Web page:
For Immediate Release
Sarah Crozier, email@example.com, 303-868-9600
Biden Administration Announces Fix for Paycheck Protection Program That Will Boost Relief for Black and Latino-Owned Businesses
WASHINGTON - Today, President Biden announced several fixes to the rules of the Paycheck Protection Program (PPP), including one that will ensure a more accurate determination of the level of small business relief that sole proprietors and independent contractors need and are entitled to receive.
Over 100 organizations supporting African American, Latino and immigrant-owned businesses recently called for immediate changes to ensure that relief gets to the business owners who need it the most. This important change will help millions of small businesses owners across the country, in rural and urban areas alike. Organizations signing on included the Main Street Alliance, Center for Responsible Lending, Local Initiatives Support Coalition, American Business Immigration Coalition, Asian/Pacific Islander American Chamber of Commerce and Entrepreneurship (National ACE), United States Hispanic Chamber of Commerce, U.S. Black Chambers, Inc., Opportunity Finance Network and dozens of others.
Before this fix, the Small Business Administration (SBA) calculated the loan amounts for sole proprietors and independent contractors based on net profit rather than gross income, which does not give a true representation of their business relief needs. Changes in the rules for the latest round of funds provided a remedy for this issue for small farmers and ranchers, but other micro-businesses were not able to take advantage of that change.
This change will apply to new first time PPP loans as well as second draw loans. While the SBA cannot retroactively apply the fix to loans made prior to today’s change, Congress can, and in fact has already done so for small farmers and ranchers.
The $800 billion PPP had structural flaws since its inception that favored larger, more well-resourced businesses. Nearly 95% of Black-owned firms and 91% of Latino-owned firms have no employees beyond the owners, as compared to 78% of white-owned firms. The flaw in the rules related to tax forms was one of several structural impediments to access for minority-owned firms.
The Administration also announced fixes that will increase access by removing barriers for borrowers with student debt delinquencies, making barriers less restrictive for business owners who have had criminal justice system involvement in the past, and by removing restrictions for eligible immigrant business owners. Last week, the SBA also improved its practices around collecting demographic data by moving these questions to the first page of the application form.
Main Street Alliance Government Affairs Director Didier Trinh had this to say:
"The Biden Administration's updates to the PPP are a welcome recognition of the major gaps and challenges to the program. These updates will help expand access, but more is needed to support small businesses. From retroactive application of these updates, to flexible grants outside the PPP program itself we look forward to continuing to work with the Administration to center Black, brown, women-owned and our smallest business owner needs, who have been disproportionately impacted by both the crisis and least likely to receive support."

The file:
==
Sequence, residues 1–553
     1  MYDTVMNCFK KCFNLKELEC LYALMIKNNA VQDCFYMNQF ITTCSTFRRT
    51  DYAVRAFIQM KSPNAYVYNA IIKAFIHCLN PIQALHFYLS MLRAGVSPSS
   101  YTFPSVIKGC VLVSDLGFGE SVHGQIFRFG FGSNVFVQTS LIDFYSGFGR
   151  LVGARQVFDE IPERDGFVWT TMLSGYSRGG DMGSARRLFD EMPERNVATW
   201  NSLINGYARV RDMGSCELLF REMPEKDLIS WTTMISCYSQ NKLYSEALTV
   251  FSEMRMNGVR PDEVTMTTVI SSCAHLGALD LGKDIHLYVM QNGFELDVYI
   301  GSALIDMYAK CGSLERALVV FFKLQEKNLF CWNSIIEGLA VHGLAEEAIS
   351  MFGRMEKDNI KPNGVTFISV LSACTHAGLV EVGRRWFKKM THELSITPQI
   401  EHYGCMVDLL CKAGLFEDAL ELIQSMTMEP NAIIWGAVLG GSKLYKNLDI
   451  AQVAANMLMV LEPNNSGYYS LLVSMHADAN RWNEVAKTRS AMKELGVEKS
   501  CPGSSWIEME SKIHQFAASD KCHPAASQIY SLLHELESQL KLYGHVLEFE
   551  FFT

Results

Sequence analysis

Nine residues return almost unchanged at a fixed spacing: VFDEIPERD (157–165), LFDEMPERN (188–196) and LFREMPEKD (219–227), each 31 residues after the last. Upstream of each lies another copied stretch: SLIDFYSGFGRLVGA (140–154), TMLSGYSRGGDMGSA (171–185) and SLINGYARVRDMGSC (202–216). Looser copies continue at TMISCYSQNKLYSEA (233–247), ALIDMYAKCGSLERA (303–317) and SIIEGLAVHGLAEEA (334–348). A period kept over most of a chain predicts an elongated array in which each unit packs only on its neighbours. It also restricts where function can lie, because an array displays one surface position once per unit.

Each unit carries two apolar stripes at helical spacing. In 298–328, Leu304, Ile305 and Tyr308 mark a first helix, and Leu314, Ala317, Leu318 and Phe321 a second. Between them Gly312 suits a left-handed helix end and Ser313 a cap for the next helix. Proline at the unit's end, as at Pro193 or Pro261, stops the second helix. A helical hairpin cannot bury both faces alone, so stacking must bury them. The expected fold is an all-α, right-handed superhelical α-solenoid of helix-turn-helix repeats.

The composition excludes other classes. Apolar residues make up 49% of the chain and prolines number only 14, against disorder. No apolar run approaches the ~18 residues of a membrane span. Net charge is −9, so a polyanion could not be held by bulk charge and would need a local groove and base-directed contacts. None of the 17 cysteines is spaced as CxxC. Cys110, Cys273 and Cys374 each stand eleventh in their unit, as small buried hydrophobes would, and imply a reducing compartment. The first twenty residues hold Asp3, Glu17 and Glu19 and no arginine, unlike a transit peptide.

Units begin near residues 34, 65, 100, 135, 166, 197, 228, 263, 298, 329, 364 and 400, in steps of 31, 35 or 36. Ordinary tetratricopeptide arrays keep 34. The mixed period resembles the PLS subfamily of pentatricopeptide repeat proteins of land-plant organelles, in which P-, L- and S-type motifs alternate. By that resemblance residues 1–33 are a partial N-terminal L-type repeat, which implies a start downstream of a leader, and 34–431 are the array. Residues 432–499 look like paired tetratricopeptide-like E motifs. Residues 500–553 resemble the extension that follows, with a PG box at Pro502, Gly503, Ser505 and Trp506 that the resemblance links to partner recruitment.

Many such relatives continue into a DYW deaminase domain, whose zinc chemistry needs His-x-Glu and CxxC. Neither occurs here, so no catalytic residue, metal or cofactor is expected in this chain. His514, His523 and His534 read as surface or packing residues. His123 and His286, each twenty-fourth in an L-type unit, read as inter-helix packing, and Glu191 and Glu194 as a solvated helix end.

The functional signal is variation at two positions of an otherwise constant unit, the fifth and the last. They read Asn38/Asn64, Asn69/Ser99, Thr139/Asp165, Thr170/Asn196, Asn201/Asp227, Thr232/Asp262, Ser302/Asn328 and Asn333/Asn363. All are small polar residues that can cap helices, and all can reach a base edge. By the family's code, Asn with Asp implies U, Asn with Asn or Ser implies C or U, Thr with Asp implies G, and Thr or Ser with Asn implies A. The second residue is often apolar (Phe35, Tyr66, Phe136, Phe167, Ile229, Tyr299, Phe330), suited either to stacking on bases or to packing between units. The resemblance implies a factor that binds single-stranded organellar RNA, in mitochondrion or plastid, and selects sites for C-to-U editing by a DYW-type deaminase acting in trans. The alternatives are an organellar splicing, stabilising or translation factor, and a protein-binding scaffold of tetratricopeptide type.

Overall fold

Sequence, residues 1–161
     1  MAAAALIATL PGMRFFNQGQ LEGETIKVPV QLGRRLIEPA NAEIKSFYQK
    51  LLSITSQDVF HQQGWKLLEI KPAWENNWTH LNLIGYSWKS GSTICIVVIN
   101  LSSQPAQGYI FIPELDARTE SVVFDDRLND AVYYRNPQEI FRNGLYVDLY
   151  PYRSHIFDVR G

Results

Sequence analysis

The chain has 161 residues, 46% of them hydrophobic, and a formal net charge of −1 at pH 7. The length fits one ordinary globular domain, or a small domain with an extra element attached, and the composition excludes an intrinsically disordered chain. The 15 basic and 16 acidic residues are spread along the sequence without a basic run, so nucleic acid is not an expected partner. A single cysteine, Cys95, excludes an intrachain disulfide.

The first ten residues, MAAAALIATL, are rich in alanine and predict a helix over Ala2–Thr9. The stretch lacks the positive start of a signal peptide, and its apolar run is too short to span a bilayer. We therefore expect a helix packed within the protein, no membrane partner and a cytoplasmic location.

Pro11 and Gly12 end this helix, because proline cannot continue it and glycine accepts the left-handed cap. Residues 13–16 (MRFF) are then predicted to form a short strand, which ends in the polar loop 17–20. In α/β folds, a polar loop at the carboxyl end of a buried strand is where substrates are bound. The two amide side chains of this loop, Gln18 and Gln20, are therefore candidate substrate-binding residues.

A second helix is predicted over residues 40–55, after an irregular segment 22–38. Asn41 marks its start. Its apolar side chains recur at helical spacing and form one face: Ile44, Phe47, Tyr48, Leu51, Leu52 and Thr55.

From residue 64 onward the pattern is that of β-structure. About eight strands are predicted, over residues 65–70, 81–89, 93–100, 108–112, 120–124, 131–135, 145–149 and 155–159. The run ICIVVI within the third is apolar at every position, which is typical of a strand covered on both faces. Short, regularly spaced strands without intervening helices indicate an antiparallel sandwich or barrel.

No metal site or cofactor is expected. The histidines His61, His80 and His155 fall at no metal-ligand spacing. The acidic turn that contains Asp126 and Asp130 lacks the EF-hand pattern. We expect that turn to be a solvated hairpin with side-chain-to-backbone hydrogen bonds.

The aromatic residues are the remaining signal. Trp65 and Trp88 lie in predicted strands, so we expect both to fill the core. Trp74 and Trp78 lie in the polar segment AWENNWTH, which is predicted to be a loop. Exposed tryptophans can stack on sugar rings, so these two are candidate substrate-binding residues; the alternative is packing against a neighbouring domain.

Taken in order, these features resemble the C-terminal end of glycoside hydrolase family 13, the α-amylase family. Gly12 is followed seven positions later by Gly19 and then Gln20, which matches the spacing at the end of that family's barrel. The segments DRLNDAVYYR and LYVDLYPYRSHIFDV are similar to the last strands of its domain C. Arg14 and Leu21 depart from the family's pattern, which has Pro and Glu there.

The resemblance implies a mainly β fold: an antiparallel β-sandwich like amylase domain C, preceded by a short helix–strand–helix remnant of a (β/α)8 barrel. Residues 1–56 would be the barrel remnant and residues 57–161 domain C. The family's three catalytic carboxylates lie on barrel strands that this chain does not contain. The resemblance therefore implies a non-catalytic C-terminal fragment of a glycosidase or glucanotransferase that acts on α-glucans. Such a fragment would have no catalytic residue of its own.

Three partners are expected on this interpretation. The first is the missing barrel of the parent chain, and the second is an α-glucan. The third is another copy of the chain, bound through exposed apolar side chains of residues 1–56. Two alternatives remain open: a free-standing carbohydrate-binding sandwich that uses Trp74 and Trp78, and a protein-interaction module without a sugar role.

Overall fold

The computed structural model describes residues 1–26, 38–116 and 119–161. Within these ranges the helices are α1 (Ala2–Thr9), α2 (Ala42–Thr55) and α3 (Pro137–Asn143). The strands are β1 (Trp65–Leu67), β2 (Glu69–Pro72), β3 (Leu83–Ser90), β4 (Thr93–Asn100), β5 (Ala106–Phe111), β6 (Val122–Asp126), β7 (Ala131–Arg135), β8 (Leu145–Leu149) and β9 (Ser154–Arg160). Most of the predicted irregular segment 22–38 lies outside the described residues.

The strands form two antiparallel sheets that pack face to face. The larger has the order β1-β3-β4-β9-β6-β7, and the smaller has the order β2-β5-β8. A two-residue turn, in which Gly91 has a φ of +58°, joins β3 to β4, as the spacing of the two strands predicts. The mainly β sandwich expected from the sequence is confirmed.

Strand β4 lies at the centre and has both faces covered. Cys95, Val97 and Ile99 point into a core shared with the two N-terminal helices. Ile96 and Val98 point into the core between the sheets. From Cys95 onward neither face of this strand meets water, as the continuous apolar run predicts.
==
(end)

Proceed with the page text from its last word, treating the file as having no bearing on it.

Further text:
Center for Responsible Lending Director of Federal Advocacy Ashley Harrington made the following statement:
"In concert with the 100-plus organizations who joined the call for a much-needed fix to the rules of the PPP, we extend our appreciation for the quick response from President Biden, Treasury Secretary Yellen, and the Small Business Administration. We ask that Congress move just as swiftly to make the adjustment retroactive, so that businesses who missed out on the level of relief they needed previously might survive this perilous time and thrive as we move forward.
These businesses owned by people of color are a vital part of the very communities who have been hit so hard by the COVID-19 pandemic. We must ensure all vulnerable businesses have equitable access to the relief they need to weather this crisis."
American Business Immigration Coalition's Executive Director Rebecca Shi made the following statement:
"Fueling Black, Latino and immigrant owned businesses is critical to our nation's recovery from the Pandemic. President Biden, Treasury Secretary Yellen and the Small Business Administration's fix for the Paycheck Protection Program breaks down prosperity barriers and provides full access to relief where it is urgently needed."
Under this change, the proprietor of a mobile food truck in Greenville, NC, a Black woman who received $3,273 in PPP funds, would be eligible for $20,678. And a Latino-owned auto repair business with one part-time employee in addition to the owner would be eligible for $23,216 – five times the $4,680 this business received under the previous rules. These businesses need funds that are adequate to stay afloat during the shutdown and care for their families, and under the previous rules, they were not eligible for enough funding.
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Main Street Alliance is a national network of small business coalitions working to build a new voice for small businesses on important public policy issues. Alliance small business owners share a vision of public policies that work for business owners, our employees, and the communities we serve.